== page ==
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Song Parodies -> "Auld Lang's Sine"

Original Song Title:

"Auld Lang Syne"

Original Performer:


Parody Song Title:

"Auld Lang's Sine"

Parody Written by:

Giorgio Coniglio

The Lyrics

With thanks for inspiration to Phil Alexander.
A clever Scot, Auld Simon Lang
Rests in a box o’ pine;
His contributions near-forgot -
‘E invented Auld Lang’s Sine.

Dreamed up the trig’s big Sine, and its
Gude cos’n bright an’ fine;
[One minus (Lang’s-Sine)squared], my dear,
Its square-root – Auld Lang’s Cosine.

And though his mind did grow less clear,
His concept’s been refined –
One o’er t’other – Tangent, dear
Derived frae Auld Lang’s Sine.

And at the end, his sight grown dim
Ideas still implant –
Turned on its head, Auld Lang’s Cosine,
We know as Auld Lang’s Secant.

His final word, “Cotangent”,
Then his soul was carried up;
So kindly pass the pi, my dear,
And to Lang we’ll drink a cup.

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Matches Pace of
Original Song: 
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Voting Results

Pacing: 2.0
How Funny: 1.9
Overall Rating: 2.0

Total Votes: 26

Voting Breakdown

The following represent how many people voted for each category.

    Pacing How Funny Overall Rating
 1   18
 2   1
 3   0
 4   2
 5   5

User Comments

Comments are subject to review, and can be removed by the administration of the site at any time and for any reason.

Sinusoid Sufferer - January 29, 2015 - Report this comment
This has the rhythm and daffiness of Ogden Nash. I think it would be better to omit the clumsy formula to convert sine to cosine. The pacing gets upset and the necessary brackets are in the visual, not singing, domain. I'd give you a good score, but can't figure out how to fill in the bubbles. I tried a No. 2 pencil.
Giorgio Coniglio - January 29, 2015 - Report this comment
Thanks, Sufferer; My human handler, a retired MD, expresses his condolence if you are afflicted with the rare hepatic veno-occlusive disease, wondered if you meant, "sinusitis" instead. BTW, the work is actually based on writings of the more obscure poet Ogaden Gnash. I mistakenly left out the final refrain; you can make up your own version, e.g., "For Auld Lang's Sine .... " etc - just be sure to mention "Simon". GioLio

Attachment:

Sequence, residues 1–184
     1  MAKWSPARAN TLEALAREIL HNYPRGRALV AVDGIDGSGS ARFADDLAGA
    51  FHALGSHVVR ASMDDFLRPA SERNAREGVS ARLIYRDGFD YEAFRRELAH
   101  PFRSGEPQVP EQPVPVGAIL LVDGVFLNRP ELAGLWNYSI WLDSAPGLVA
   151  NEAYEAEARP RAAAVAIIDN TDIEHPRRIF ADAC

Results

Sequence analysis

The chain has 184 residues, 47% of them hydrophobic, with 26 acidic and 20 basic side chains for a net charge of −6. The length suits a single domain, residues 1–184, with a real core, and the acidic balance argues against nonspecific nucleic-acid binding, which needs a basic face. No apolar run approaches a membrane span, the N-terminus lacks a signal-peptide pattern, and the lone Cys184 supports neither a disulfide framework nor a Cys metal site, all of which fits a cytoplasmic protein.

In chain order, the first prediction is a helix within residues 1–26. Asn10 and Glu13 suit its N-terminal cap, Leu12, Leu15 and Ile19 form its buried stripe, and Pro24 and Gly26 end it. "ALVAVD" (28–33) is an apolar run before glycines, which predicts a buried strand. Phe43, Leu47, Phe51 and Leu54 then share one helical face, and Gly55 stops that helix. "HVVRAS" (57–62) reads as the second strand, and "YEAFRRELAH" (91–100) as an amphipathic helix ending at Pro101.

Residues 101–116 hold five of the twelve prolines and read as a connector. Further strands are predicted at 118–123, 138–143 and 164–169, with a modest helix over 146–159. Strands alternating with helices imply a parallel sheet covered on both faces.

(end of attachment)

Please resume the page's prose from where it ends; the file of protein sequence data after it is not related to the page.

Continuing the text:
Review Master - January 29, 2015 - Report this comment
Sorry, but this comes across as thrown together uninspired junk with intent to copy Mr. Barry's writing style and terminology. Sorta like a bad B-side of an old Indie 45 record!
John Jenkins - January 29, 2015 - Report this comment
I will drink a cup to Mr. Lang - and to Mr. Coniglio. This looks like 5 cubed to me.
Sinusoid Sufferer - January 29, 2015 - Report this comment
In a previous incarnation as an electrical engineer, I suffered the sinusoid, or sine wave, as a mathematical curve that describes a smooth repetitive oscillation. It is named after the function sine, of which it is the graph.
As a former logic designer, I steeped myself in McClusky and Quine. Simplify, simplify! Failure to do so costs circuitry, money, and your job. I respect Mr. Barry's erudition and prolificacy, but not always his style, which can be so preciously filigreed that it overwhelms the message. I am sure G.C. is in no way influenced by him or anybody else.
As a wee lad, I discovered the joy of simplification with this parody:
Twinkle, twinkle little star
How I wonder what you are
Way up in the sky so dark
Like a f**king light bulb.
Phil Alexander - January 30, 2015 - Report this comment
What would make this perfect would be if an auld Scot named Simon Lang had invented the sine.. but I enjoyed it, anyway :-) I'm guessing singing Auld Lang Cotangent on NYE never really caught on. To "Review Master" - let he who is without sinΘ cast the first stone.
Giorgio Coniglio, dec. - January 31, 2015 - Report this comment
Phil; You are only partly correct. Simon clearly did invent the important Auld-Lang subset of trig-ratios. Derivation of the parent functions is a matter of dispute as you know, but some favor attribution to Sir John Cheerful, a contemporary of Gilbert ("many Cheerful facts about the square of the hypotenuse"). Any other theories out there? As for "Review Master", leave him to his cosinners.
Brian - February 01, 2015 - Report this comment
Keeps pace very well. I'd give you a 5, except I think it's not perfect -- Cosine and Secant don't quite fit. It's acceptably funny, but no ROFLs. I did enjoy the subject matter, though. 4-3-4

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